Lenovo to carry Olympic torch replica to Wake Forest as fall semester approaches
August 17, 2009
A replica of the Olympic torch that made its way across China for the start of the 2008 Beijing Olympic Games will arrive at Wake Forest University Aug. 20 as the campus prepares for the opening of its fall semester.
In recognition of Wake Forest’s long-standing commitment to innovative technology, computer maker Lenovo is presenting the torch to the university as a gift. Lenovo, a technology sponsor of the 2008 Beijing Olympics, is the supplier of the Lenovo ThinkPad laptops used at Wake Forest.
Representatives of Lenovo will present the torch to Wake Forest administrators, including President Nathan O. Hatch and Provost Jill Tiefenthaler, at a ceremony in the second-floor lounge of Reynolda Hall at 11 a.m. Aug. 20. Lenovo officials participating will include Thomas F. Looney, vice president and general manager for Lenovo North America, who is a parent of a Wake Forest college student. Also present will be Jason Mooneyham, a Lenovo sales director who carried the torch in China as part of a series of torchbearers who participated in a traditional torch relay for the Olympics.
“As a symbol of Wake Forest’s commitment to excellence in education and its focus on preparing students to compete in a global economy, I am looking forward to presenting this torch from last summer’s Olympics to Wake Forest,” Looney said.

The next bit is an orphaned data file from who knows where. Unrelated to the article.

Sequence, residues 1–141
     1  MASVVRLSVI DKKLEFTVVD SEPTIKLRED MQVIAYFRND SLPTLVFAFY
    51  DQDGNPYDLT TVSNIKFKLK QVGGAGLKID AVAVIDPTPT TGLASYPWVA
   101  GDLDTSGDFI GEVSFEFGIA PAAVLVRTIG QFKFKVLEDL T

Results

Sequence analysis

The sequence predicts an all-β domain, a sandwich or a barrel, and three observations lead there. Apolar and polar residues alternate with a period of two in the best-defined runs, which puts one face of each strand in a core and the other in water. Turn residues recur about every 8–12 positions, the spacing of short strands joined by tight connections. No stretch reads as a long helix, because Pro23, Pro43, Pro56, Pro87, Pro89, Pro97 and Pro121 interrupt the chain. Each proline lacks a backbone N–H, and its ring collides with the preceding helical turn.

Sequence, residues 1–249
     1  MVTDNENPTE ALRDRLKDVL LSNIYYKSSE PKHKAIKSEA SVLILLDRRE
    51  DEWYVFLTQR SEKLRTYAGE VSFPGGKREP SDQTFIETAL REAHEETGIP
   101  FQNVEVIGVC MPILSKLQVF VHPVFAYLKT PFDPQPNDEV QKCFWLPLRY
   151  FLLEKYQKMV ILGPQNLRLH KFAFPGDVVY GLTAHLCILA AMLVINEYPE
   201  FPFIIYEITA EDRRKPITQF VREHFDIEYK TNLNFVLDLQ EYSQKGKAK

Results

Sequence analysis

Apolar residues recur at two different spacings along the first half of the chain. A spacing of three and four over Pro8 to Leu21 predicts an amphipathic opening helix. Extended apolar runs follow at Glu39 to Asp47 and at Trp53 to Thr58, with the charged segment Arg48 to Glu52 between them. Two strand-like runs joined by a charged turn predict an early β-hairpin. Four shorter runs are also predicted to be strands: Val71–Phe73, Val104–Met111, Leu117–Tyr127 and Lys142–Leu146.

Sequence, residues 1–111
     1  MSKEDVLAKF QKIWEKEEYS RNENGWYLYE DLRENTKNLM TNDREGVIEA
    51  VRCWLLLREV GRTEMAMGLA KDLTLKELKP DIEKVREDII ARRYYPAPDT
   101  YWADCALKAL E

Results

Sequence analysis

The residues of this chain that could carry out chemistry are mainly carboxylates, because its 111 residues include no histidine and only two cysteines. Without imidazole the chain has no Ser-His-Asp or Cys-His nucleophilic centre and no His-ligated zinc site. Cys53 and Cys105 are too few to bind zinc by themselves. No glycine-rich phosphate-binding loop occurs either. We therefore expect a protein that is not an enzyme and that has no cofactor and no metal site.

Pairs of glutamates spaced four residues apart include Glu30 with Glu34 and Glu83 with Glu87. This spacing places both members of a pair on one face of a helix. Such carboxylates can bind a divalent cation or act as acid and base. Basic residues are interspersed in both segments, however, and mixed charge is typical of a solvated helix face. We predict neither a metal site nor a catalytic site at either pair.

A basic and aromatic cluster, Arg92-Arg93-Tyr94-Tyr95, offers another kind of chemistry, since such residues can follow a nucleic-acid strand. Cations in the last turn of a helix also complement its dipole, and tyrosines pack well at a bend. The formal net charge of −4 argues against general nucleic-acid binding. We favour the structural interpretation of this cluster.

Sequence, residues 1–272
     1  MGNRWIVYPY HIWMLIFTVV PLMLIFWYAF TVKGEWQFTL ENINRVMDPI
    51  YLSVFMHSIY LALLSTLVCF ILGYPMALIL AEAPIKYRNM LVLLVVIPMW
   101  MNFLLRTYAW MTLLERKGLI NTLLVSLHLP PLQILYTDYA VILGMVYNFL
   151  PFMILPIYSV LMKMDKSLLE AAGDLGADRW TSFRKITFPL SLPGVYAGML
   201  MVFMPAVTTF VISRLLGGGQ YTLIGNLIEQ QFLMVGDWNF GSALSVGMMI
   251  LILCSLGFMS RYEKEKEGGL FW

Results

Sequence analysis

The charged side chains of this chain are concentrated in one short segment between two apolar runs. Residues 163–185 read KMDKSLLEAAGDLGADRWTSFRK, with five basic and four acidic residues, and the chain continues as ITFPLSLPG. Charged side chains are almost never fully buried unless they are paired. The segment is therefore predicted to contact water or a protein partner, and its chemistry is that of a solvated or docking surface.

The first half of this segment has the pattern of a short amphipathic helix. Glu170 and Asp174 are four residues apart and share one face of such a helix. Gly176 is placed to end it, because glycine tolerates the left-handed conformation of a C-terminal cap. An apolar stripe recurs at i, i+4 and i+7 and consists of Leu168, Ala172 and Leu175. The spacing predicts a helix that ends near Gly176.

The torch, which stands 28 inches high and weighs about 35 ounces, will be displayed at Wake Forest’s Information Systems Building. It was designed by Lenovo for the Summer Olympics. The design was selected from more than 200 entries submitted from around the world.
“It embodies the concepts of a green Olympics, a high-tech Olympics and the People’s Olympics,” according to the official Beijing Olympics Web site.
Wake Forest and Lenovo have a long-running relationship that began in the mid-1990s, when the university began providing the laptops produced by Lenovo to students, faculty and staff. When freshmen arrive for orientation Aug. 20, they will pick up the Lenovo ThinkPads they will use as students.
“Wake Forest has been a leader among universities in providing students with state-of-the-art computer technology, highlighted by the ThinkPad program which we have provided to our students for many years,” Hatch said. “The program has allowed us to provide students with powerful software, and has given them great access to faculty members, academic resources and many other technologies. It has extended faculty-student interaction well beyond the classroom, and well beyond our campus boundaries.”
Tiefenthaler added that, ultimately, “the ThinkPad program is about much more than providing computers to students.”
“Our students are mobile,” she explained. “Most study abroad for at least one semester, and all are always on the go. They must have access, not only to a computer, but to a mobile computer that is fully equipped with an extensive suite of software that they need to be fully engaged in the intellectual life of the university, wherever they are.”
Following the presentation in Reynolda Hall, Lenovo and Wake Forest representatives will walk with the torch to the Information Systems Building, where it will be displayed at a reception that afternoon.